The Saturday Profile: Carving Plight of Coal Miners, He Churns China

Copyright The New York Times
By HOWARD W. FRENCH
July 14, 2007
BEIJING
Zhang Jianhua, a sculptor, before a photo shoot with his piece, “Coal Accident, Coal Accident,” at A-Space gallery in Beijing, China.
IT is not easy to forget an encounter with Zhang Jianhua’s sculptures of Chinese coal miners; that is, if one is lucky enough to see them.
Many of the life-size works depict miners sitting on the ground in their black rubber boots wearing looks of sheer fatigue. Some stare blankly into the distance or prop up their heads with both hands, their faces fixed in nameless agony.
Yet, easily overlooked at first are the most haunting sculptures of all. At the edge of the out-of-the-way Beijing lot in a new art zone that is frequented by foreigners — but few Chinese — lie six figures shrouded in green blankets. Silently, they symbolize the mostly anonymous victims of China’s rolling mineworker catastrophe.
Although Mr. Zhang, 35, has an impeccable background as a student of the Central Academy of Fine Arts and has received critical praise for years, no Chinese museum or established gallery has been willing to display his coal miner work in its entirety, as he insists that they must. When an exhibit was organized in April at 798 Art Space, one of Beijing’s premier forums for contemporary artists, censors demanded that he leave the six dead workers out of the show.
Officially, 4,794 coal miners died in work-related accidents in China last year — more than 13 every day, on average, though many believe that the official figures understate the real toll. But Mr. Zhang’s temerity in representing the victims has won his work what might be called a soft ban.
“Each year, countless coal accidents take place,” he said. “The media puts the death toll at six to seven thousand, but I know the numbers don’t stop there. There are between 20 and 30 thousand deaths a year, but those who die at many illegal mines are not counted, and these deaths are not allowed to be reported.”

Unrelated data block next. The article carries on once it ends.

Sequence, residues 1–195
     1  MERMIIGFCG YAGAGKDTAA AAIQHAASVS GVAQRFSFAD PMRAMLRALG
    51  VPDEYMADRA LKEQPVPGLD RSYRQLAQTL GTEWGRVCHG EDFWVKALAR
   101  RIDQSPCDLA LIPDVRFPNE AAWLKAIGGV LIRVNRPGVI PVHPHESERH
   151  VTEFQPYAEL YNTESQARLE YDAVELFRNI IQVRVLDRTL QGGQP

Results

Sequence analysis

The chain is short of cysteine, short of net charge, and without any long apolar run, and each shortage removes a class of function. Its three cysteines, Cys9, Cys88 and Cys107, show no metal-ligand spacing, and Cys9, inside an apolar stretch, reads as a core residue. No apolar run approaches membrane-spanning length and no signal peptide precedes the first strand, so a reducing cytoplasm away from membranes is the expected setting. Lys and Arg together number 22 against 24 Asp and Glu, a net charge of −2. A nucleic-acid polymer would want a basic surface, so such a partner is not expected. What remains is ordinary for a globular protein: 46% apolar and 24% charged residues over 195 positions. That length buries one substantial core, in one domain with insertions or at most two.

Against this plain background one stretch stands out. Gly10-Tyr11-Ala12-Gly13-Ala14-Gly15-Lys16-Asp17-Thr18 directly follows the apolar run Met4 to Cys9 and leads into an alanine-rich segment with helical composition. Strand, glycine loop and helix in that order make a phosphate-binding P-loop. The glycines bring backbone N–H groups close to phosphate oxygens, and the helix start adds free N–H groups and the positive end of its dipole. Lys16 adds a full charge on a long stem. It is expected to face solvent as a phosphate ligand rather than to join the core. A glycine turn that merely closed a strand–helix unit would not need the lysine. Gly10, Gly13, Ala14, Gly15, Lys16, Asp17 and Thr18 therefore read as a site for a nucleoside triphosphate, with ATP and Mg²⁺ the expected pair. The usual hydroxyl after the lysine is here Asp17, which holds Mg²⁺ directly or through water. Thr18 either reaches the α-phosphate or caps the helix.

These days, a great deal of contemporary Chinese art veers into abstraction, or clever visual punning, often riffing on the country’s revolutionary past or on the new prosperity that many have found. But Mr. Zhang’s route to prominence has been more old-fashioned. He embraces realism, and uses it in a time-honored tradition as a prod to the social conscience of a society that he finds lacking in that department.
The artist’s first taste of successful shock realism came with another series of sculptures four years ago in which he depicted the lives of peasants from his native Henan Province. The 12 figures in that series included an elderly woman sitting alone, threadbare migrant workers and rural schoolteachers.
The work drew critical praise when it was introduced at a gallery in Beijing. But when the show began touring other venues in the capital later that year, displayed on the grounds of two middle-class housing developments and at China Agricultural University, it drew strong protests, with residents and students attacking it as vulgar, striking the artist and knocking over some of the figures. The university exhibition had to be canceled after only two hours. “These were beggars,” said one commentator in a school newspaper. “It’s sick.” Another complained, “Rural areas have progress, too. Why not show that?”
Mr. Zhang’s answer is that China these days is consumed with what he calls a “bubble reality.” Euphemism and sentimentality have deep roots in Chinese art, but on top of this has come a kind of idealizing self-censorship reinforced by the state propaganda system and further fueled by years of strong growth.
IN China today, news reports are full of problems being solved. The radio airwaves are full of odes to perfect love, and art galleries are full of pretty pictures. “Very few works speak to social problems,” Mr. Zhang said. “Chinese contemporary art doesn’t make people understand. It has lost its function and its very important social, avant-garde and revolutionary features.
“Today’s artists now create neither pain nor itch, and they don’t remain in people’s memories. Many of them are scared.”
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